Ken Ludwig returns to Signature Theatre with golf farce 'A Fox in the Fairway'
Sunday, October 24, 2010
Ken Ludwig doesn't like the word "farce." He worries that the public holds it in low regard.
Yet the Washington-based dramatist is one of the country's leading comic playwrights, thanks to such fat and loopy hits as the musical "Crazy for You" and the evergreen "Lend Me a Tenor," the mashup of opera and mistaken identity that was revived on Broadway last year (and is nearly always playing somewhere).
Still, when Ludwig writes about the style that's dearest to him, as he did in the current edition of the Yale Review, he identifies with a form that goes beyond what he calls "mere farce." He labels it the "great tradition" of comedy -- a big-hearted genre that runs from Shakespeare through Sheridan to "Kiss Me Kate."
Ludwig's latest venture is "A Fox on the Fairway," which follows the shenanigans of rival country clubs entering their annual grudge match. The show, now in previews at Arlington's Signature Theatre, exploits the drives -- lusty, egocentric, etc. -- of a half-dozen men and women in the rigid milieu of (hushed tones now) golf.
So what kind of play is this?
"It's a farce, for sure," says Jeff McCarthy, who plays the wily president of the host club. "It's a broad, loud, physical comedy. It's a hard workout for all six of us."
"Fox" director John Rando, whose credits include the Broadway musical "Urinetown" (with McCarthy) and comedies by Neil Simon and David Ives, praises Ludwig's fine eye, calling him a "watchmaker." Rando does indeed see Ludwig as a sort of "great tradition" throwback, saying, "He is keeping the 'Front Page' tradition, the 'Room Service' tradition, alive in the American theater."
Rando characterizes "Fox" as following the pattern established in "Tenor," which debuted on Broadway in 1989 and featured characters who the director says are "willing to burst a blood vessel" to get what they want. "It has a tight, small cast," Rando says of "Fox," and features -- yes -- "a farcical world."
Even Ludwig doesn't claim that his comedies are above cross-dressing and slapstick. "Leading Ladies," which appeared at Ford's Theatre in 2005, involved two struggling thespians who don drag to dupe a dowager out of her dough. Ten years earlier, "Moon Over Buffalo" had Carol Burnett and Philip Bosco co-starring on Broadway as has-been hams bickering and getting their repertory of plays mixed up in mid-performance. (The documentary "Moon Over Broadway" captured the real production's ups and downs.)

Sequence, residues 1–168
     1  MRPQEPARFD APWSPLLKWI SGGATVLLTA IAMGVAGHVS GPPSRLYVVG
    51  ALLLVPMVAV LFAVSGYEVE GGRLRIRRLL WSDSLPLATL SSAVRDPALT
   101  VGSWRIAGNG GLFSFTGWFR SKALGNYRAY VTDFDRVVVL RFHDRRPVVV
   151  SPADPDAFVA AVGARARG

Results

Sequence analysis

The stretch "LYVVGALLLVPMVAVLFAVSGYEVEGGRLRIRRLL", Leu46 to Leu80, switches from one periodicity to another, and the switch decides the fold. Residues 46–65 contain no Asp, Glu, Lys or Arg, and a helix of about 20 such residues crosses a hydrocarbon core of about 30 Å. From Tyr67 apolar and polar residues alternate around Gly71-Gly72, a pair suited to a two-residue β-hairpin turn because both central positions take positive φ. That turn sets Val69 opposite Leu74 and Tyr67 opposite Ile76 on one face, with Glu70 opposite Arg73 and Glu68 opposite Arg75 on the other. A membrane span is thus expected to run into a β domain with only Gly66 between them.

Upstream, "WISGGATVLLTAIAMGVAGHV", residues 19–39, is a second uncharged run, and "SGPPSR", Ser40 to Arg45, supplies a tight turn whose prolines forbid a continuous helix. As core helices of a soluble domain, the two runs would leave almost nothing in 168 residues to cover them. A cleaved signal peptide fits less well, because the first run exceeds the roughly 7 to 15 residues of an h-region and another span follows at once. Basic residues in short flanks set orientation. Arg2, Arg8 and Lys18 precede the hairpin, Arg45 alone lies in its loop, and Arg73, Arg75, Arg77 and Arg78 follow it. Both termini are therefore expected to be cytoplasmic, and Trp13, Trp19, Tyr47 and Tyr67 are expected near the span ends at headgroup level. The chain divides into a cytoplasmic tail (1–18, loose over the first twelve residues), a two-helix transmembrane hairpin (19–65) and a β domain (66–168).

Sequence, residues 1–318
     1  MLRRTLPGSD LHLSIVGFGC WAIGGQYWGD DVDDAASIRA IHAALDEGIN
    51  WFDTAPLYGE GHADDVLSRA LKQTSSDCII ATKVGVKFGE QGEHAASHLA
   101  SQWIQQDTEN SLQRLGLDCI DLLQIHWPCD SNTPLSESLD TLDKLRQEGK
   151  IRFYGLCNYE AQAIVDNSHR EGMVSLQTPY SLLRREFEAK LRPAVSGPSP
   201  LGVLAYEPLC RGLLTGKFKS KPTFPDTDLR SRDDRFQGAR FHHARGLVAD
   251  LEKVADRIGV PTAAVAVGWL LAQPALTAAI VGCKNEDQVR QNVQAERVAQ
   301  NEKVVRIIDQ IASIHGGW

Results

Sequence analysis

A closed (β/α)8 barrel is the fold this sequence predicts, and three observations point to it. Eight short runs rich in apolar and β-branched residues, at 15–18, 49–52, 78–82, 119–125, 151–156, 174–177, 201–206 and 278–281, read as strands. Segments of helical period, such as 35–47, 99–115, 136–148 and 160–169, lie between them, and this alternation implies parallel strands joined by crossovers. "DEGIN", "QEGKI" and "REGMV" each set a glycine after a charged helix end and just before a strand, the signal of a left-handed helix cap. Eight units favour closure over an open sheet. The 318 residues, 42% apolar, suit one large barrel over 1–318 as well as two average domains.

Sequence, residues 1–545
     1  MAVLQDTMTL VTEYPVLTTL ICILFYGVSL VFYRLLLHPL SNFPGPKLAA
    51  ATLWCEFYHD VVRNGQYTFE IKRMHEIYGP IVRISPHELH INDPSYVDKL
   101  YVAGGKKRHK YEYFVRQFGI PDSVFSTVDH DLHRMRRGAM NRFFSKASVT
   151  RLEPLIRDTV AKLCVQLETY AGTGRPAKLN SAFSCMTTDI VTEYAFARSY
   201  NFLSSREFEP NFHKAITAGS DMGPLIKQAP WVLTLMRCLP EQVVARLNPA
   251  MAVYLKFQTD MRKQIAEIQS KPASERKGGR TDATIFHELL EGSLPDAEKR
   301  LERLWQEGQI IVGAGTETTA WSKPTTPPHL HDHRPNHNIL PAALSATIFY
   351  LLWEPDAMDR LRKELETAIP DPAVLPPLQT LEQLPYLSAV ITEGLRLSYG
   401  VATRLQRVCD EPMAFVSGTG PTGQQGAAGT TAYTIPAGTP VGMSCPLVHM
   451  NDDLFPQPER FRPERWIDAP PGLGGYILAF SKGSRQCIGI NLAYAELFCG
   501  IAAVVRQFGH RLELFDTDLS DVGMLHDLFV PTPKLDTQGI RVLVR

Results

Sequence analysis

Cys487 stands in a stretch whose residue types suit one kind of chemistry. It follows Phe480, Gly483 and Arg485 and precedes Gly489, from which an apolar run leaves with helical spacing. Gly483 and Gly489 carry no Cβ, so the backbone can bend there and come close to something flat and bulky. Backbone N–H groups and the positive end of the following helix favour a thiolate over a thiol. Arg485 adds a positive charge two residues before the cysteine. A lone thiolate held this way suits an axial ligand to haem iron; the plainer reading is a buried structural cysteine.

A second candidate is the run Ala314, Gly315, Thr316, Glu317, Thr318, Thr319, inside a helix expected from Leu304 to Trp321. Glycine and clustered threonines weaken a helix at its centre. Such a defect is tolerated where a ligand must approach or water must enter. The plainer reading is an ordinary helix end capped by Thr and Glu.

Still, it's easy to grant the affable Ludwig the distinction he seeks: that while farce can be ruthless and brittle, his works cast a kinder eye on their characters. Rando speaks of the "joy" and "heart" of Ludwig's comedy, and Ludwig makes it clear that's what he's about.
An ironic District tale
"I'm innately an optimistic person, a hopeful person," Ludwig says, sitting in a conference room upstairs at Signature earlier this month. "What I'm trying to do, especially in terms of my career as a whole, is write about things that are enhancing to us as human beings."
The oft-told Ludwig story is that he came to Washington in the late 1970s simply because his brother, Eugene, moved here. Both were lawyers, but Ludwig gradually withdrew from Steptoe and Johnson when "Tenor" and "Crazy for You" made it clear he really could make it writing for the stage. He still rhapsodizes about the city, saying it's been a great place to raise kids (now 14 and 18) with his wife, Adrienne George, and that the theatrical scene here is "a very happy place to be. It's just as good as any place on Earth."